Mervyn LeRoy was an American film director, producer, and sometime actor.
LeRoy worked in costumes, processing labs and as a camera assistant until he became a gag writer and actor in silent films, including The Ten Commandments in 1923. LeRoy credits Ten Commandments director, Cecil B. DeMille, for inspiring him to become a director: "As the top director of the era, DeMille had been the magnet that had drawn me to his set as often as I could go." LeRoy also credits DeMille for teaching him the directing techniques required to make his own films.
His first directing job was with First National Pictures on 1927's No Place to Go. LeRoy ended up working at Warner Bros. after they took control of First National. When his movies made lots of money without costing too much, he became well received in the movie business. He directed two key films which launched Edward G. Robinson into major stardom, the Oscar-nominated critique of tabloid journalism Five Star Final, and the classic gangster film Little Caesar, which made his mark. From that point forward, LeRoy would be responsible for a diverse variety of films as a director and producer. The following year's I Am a Fugitive from a Chain Gang was also nominated for the Academy Award for Outstanding Production as was his Anthony Adverse.
In 1938 he was chosen as head of production at MGM, where he was responsible for the decision to make The Wizard of Oz. He was responsible for discovering Clark Gable, Loretta Young, Robert Mitchum, and Lana Turner. His 1941 film Blossoms in the Dust was nominated for the Academy Award for Outstanding Motion Picture. His first big hit as a director with MGM was 1942's Random Harvest which was their biggest of the season earning worldwide rentals of $8 million and for which he was nominated for the Academy Award for Directing. The film was also nominated for the Academy Award for Outstanding Motion Picture. He hit big again two years later with Thirty Seconds Over Tokyo with rentals of $6 million.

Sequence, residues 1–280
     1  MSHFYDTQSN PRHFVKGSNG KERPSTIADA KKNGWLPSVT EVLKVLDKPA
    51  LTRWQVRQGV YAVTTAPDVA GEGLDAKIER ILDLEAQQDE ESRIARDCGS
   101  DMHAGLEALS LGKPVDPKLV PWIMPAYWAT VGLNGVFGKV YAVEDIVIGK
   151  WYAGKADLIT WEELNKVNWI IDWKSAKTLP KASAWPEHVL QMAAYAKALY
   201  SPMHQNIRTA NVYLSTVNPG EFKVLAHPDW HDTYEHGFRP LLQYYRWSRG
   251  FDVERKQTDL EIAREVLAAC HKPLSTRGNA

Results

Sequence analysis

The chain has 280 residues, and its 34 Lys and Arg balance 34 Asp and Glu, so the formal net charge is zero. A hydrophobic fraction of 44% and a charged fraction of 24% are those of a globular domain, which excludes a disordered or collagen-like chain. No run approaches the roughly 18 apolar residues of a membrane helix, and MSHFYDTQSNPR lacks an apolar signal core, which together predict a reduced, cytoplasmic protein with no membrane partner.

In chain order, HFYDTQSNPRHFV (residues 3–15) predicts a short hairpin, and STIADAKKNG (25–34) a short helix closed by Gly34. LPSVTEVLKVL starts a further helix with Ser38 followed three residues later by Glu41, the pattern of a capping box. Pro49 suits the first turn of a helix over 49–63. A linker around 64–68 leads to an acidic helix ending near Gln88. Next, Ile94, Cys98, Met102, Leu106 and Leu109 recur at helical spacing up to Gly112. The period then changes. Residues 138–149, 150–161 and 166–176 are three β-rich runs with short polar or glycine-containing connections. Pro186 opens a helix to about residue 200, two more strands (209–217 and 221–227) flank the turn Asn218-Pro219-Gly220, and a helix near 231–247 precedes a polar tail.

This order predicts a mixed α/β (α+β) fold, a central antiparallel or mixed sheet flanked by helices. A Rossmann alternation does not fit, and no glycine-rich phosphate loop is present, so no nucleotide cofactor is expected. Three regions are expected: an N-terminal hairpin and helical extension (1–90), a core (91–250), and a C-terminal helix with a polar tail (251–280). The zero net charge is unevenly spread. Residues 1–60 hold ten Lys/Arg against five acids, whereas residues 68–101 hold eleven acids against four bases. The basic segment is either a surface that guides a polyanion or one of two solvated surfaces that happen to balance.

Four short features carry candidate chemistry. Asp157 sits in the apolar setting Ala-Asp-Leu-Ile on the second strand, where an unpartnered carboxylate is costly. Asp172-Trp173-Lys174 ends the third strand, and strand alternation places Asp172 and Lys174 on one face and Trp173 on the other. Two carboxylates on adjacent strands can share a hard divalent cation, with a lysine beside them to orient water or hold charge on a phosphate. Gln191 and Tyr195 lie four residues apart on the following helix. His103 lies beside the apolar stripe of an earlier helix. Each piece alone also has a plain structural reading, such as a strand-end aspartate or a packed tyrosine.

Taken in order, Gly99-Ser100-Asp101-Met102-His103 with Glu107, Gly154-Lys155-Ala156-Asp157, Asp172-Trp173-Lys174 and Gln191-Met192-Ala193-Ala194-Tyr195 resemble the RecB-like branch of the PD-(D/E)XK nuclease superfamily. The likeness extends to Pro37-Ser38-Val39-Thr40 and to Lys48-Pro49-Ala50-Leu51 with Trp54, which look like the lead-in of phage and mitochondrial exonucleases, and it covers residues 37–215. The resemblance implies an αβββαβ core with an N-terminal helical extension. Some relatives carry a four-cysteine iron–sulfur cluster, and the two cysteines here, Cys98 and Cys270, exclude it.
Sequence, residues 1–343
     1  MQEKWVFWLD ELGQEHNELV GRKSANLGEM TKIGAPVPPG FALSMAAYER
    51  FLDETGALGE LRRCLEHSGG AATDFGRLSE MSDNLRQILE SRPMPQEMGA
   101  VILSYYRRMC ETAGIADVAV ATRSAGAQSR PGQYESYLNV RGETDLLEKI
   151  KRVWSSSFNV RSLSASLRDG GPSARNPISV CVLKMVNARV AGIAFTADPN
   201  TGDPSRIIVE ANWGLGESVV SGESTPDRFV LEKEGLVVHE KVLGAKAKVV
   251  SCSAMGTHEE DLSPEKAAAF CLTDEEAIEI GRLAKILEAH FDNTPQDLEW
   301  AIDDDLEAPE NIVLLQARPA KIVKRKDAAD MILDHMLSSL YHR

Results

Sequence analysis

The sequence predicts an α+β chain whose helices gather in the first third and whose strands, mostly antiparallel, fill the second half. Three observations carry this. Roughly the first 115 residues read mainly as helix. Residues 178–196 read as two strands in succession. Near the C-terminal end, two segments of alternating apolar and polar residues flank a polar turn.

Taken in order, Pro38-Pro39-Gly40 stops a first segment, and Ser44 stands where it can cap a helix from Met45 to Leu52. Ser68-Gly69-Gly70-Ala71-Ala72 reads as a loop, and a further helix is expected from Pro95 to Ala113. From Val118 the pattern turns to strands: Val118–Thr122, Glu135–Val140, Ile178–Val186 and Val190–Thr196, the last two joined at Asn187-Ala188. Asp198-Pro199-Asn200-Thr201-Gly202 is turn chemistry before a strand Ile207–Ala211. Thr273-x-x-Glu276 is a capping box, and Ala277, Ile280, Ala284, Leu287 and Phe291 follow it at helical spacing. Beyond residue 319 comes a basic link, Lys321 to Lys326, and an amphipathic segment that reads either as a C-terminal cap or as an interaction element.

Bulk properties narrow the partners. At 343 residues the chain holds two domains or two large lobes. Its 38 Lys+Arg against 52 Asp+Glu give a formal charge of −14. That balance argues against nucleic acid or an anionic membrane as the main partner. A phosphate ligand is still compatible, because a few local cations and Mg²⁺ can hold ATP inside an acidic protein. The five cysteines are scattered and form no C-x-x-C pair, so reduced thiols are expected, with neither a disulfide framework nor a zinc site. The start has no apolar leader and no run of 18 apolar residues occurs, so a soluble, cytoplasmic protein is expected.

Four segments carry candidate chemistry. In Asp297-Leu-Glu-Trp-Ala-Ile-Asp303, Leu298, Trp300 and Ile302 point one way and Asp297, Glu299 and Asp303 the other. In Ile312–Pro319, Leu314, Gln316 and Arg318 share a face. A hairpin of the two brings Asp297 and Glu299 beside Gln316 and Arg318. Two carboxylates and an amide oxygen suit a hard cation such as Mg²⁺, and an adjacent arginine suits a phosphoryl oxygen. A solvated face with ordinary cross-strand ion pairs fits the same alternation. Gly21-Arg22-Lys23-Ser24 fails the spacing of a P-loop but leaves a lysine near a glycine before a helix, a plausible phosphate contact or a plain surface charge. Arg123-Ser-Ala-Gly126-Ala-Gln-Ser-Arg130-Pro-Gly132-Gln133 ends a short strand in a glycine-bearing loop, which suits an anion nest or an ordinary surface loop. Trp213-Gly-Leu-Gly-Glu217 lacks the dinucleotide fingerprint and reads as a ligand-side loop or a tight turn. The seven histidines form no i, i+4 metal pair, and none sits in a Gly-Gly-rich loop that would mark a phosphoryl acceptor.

In 1951, he scored his biggest hit with Quo Vadis earning worldwide rentals of $21 million as well as a nomination for the Academy Award for Best Motion Picture. In the early 1950s, LeRoy directed such musicals as Lovely to Look At, Million Dollar Mermaid, Latin Lovers and Rose Marie.
He returned to Warner Brothers in 1955, where he took over from John Ford as director on Mister Roberts, another big hit, which was also nominated for the Academy Award for Best Motion Picture. He also directed films for Warners such as The Bad Seed, No Time for Sergeants, The FBI Story, and Gypsy.
He received an honorary Oscar in 1946 for The House I Live In, "for tolerance short subject", and the Irving G. Thalberg Memorial Award in 1976. A total of eight movies Mervyn LeRoy directed or co-directed were nominated for Best Picture at the Oscars, one of the highest numbers among all directors.